Amazon is now the sixth biggest U.S. company according to stock market value, overtaking Facebook to gain the position. But its growth probably won’t stop there. In fact, it could be bigger even that Apple, the current big fish, believes one analyst. Indeed, it seems lately as if Amazon can do no wrong, and various firms have been picking it apart piece by piece to value its many different parts.
Amazon’s massive growth engine
MKM Partners analyst Rob Sanderson told Barron’s that he believes Amazon could be the biggest U.S. company by stock market value by 2020 because it has a greater runway for growth than all other big companies. He particularly called out the online retail and cloud computing businesses, both of which are massive growth markets currently.
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As the first quarter earnings reporting season comes a close, we’ve seen some huge trends among retailers that point to Amazon having a very bright future. For one thing, department store chains like Macy’s and luxury brands in general did not perform well. Instead, cost-conscious consumers favored big box retailers like Walmart. Amazon has long fared well among consumers worried about cost over brand.
Further, the mix shift away from brick-and-mortar shopping and toward online shopping continues, which of course makes the company an even bigger beneficiary from the ongoing trends in the retail business. Amazon has also made headway in categories like apparel, which has made these two trends even more pronounced as it steals share from major department store chains which once fought each other for a stranglehold over the apparel market but now have to deal with the online threat.
Amazon Web Services has also proven to be its own engine for growth as the business’ revenue soared 64% to reach $2.57 billion in the first quarter. The business is also becoming more and more profitable as its operating margin reached 26%, almost double what it was in the year-ago quarter.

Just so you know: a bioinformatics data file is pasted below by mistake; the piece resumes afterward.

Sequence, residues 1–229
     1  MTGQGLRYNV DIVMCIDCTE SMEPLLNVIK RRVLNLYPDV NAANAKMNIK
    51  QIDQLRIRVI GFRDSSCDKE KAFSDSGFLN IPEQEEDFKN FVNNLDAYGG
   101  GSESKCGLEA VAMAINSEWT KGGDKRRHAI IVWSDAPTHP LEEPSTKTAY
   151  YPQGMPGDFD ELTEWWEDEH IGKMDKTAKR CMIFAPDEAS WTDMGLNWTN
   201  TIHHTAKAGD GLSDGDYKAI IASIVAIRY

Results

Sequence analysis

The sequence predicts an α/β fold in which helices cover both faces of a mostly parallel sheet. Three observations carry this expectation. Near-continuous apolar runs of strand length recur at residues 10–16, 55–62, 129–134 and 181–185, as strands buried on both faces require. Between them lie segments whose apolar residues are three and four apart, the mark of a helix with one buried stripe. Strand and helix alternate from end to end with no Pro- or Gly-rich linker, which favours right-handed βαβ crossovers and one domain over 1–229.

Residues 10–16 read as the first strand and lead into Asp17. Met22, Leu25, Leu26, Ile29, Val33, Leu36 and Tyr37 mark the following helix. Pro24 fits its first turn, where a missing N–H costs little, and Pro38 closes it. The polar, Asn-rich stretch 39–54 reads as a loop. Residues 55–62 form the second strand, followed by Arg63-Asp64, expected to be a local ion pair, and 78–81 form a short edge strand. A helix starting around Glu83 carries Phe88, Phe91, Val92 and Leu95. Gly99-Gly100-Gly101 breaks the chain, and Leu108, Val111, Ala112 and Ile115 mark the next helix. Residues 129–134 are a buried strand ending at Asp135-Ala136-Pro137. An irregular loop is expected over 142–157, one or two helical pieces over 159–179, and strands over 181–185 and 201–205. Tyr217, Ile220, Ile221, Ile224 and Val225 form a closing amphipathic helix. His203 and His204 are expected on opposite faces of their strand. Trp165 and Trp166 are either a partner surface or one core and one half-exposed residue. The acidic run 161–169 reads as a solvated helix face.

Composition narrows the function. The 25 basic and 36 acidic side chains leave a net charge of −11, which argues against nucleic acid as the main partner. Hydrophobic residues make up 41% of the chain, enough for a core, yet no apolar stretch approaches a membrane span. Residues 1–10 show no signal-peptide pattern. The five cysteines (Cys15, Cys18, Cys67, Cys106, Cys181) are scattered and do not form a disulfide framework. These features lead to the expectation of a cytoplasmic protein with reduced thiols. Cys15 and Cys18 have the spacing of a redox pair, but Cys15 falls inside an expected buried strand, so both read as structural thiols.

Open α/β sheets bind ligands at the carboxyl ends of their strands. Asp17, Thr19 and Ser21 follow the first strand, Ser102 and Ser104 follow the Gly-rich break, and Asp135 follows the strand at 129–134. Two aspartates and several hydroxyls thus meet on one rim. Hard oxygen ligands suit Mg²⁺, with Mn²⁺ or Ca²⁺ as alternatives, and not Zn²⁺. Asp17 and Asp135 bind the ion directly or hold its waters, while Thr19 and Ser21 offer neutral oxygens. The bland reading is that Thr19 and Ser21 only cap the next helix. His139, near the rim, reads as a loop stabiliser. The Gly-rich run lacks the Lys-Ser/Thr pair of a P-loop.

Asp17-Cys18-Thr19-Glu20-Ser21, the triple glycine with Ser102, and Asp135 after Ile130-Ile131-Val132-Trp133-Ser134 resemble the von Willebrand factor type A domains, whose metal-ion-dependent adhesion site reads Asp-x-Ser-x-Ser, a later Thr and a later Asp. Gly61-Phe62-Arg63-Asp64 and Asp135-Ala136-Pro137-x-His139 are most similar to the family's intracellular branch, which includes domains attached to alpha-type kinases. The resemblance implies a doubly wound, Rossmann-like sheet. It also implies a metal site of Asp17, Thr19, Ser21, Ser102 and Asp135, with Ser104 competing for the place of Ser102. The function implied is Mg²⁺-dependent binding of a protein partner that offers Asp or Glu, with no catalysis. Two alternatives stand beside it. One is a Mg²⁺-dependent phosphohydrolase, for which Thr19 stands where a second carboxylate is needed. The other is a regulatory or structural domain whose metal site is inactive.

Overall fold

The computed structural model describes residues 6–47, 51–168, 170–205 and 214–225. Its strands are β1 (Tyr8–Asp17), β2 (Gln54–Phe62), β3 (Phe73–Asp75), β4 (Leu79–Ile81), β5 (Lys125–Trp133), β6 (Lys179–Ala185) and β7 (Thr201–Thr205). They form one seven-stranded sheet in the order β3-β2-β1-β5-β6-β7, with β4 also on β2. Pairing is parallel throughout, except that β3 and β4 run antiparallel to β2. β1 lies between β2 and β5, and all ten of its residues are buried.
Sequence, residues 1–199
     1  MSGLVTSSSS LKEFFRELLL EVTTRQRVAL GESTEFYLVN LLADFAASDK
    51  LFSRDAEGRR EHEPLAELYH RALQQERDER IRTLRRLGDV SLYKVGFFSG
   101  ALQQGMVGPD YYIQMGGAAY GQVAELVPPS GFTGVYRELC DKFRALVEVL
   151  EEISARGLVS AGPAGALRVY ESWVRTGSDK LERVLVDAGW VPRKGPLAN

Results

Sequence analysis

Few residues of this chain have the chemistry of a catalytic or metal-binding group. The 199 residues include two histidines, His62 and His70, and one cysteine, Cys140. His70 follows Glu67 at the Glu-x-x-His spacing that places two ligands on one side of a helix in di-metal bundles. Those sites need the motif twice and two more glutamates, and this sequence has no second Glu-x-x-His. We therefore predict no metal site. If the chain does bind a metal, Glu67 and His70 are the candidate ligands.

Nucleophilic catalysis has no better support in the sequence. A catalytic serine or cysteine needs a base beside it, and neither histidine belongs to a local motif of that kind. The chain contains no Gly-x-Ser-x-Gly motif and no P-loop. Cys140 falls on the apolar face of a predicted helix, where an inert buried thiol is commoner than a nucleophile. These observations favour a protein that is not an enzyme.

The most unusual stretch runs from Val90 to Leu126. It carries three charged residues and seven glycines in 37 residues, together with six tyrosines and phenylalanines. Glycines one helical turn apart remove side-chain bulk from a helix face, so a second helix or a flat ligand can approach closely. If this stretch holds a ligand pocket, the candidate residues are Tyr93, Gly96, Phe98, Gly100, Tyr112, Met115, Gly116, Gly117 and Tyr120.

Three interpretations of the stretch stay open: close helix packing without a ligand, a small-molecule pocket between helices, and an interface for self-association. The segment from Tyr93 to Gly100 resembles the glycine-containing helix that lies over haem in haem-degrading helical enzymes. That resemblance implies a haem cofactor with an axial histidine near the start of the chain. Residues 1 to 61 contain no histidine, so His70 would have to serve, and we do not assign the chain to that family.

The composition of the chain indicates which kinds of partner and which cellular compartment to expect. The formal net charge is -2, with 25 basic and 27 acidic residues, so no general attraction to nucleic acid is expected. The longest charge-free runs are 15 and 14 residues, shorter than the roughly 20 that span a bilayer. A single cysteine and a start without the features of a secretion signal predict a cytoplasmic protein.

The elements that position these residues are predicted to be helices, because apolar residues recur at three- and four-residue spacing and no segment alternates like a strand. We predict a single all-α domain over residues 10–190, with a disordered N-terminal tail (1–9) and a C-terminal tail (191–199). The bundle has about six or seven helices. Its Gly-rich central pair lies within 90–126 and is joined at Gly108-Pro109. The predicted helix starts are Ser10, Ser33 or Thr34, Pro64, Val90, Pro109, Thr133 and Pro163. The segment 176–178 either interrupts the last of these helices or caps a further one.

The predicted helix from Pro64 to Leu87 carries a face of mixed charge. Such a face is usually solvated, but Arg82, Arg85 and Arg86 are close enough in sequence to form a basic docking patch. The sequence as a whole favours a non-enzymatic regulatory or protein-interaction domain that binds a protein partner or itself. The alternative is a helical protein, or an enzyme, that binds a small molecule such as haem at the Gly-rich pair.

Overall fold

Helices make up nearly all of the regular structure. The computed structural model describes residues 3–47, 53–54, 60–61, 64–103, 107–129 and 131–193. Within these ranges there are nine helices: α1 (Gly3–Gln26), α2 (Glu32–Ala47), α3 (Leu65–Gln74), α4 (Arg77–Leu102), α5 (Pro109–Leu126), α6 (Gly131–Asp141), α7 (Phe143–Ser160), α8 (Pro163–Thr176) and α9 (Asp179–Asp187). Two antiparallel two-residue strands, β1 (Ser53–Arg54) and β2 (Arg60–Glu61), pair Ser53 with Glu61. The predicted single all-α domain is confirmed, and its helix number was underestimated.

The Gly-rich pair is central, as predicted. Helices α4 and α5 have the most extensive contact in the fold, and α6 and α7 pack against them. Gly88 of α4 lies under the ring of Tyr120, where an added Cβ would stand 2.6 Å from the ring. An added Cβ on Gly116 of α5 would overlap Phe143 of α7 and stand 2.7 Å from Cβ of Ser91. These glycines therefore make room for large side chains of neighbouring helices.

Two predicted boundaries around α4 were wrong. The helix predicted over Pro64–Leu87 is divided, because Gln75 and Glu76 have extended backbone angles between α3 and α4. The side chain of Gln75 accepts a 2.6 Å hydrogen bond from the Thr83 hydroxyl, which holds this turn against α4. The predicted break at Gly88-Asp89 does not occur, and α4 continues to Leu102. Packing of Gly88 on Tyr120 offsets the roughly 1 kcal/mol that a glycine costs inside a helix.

Amazon Prime pushes growth too
And then there’s Amazon Prime, which shows no signs of slowing down. The latest numbers from Consumer Intelligence Research Partners indicate that the service is highly addictive as 96% of those who pay for a subscription for two years will sign up for a third year. Further, 91% of first-year subscribers renew for a second year, and 73% of those who sign up for a free trial go on to pay for a subscription.
Amazon hasn’t been ignoring this growth engine either, as it recently announced even more services to be bundled into it in order to keep subscribers hooked. CIRP estimated in January that Amazon had 54 million U.S. subscribers for its Prime service, which amounts to about one-fifth of U.S. adults or 50% of U.S. households, reports Quartz.
Bernstein analyst Carlos Kirjner pegs the number of global Prime subscribers within a wide range of 58 million to 69 million as of the end of 2015, including about 8 million subscribers who were on free trials at that time. He notes that the company doesn’t release any hard data on Prime, which makes it extremely difficult to quantify the service.
However, his own survey suggests that Prime Instant Video drives incremental subscriptions, which might be surprising to some because much of the focus is on free shipping. Further, Prime Instant Video has a long way to go to catch up with Netflix, although Amazon has been rapidly building its own library of original content in order to compete at the same level.
Amazon shares edged higher by 0.86% to $725.63 during afternoon trading on Thursday.